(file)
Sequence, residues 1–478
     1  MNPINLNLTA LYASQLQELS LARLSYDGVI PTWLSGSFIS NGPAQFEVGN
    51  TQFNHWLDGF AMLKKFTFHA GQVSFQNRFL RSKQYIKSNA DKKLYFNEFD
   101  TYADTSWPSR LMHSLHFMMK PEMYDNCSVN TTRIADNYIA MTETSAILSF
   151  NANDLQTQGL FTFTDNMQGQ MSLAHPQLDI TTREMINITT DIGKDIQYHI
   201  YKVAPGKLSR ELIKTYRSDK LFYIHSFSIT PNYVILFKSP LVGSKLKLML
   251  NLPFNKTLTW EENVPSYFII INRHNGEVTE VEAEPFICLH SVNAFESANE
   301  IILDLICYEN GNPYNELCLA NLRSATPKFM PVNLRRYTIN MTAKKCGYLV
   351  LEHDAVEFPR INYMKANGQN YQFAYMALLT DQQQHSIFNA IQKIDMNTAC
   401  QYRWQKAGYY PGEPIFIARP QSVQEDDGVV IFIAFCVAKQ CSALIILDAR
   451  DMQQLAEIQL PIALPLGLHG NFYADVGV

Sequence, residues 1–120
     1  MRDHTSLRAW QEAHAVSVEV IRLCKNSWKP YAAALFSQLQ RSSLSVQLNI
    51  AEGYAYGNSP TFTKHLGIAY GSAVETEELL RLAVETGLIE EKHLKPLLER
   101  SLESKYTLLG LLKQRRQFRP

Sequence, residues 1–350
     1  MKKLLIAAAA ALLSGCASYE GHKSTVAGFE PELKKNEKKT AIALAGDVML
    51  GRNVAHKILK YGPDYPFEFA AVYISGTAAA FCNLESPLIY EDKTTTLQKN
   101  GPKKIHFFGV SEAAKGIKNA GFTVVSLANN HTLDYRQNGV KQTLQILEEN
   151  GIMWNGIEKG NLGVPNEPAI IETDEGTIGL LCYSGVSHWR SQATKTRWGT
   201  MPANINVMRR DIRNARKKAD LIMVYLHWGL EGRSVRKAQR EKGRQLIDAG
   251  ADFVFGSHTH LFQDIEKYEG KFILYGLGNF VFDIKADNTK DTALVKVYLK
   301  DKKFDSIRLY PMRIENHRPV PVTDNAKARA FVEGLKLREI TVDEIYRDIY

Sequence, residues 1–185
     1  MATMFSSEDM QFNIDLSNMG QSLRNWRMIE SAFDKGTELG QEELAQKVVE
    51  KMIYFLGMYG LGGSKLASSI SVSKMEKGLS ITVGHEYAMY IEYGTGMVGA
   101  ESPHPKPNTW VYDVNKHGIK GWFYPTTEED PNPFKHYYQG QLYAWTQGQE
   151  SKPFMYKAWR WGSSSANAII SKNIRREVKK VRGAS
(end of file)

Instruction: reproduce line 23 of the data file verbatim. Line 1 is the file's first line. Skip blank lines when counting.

   301  DKKFDSIRLY PMRIENHRPV PVTDNAKARA FVEGLKLREI TVDEIYRDIY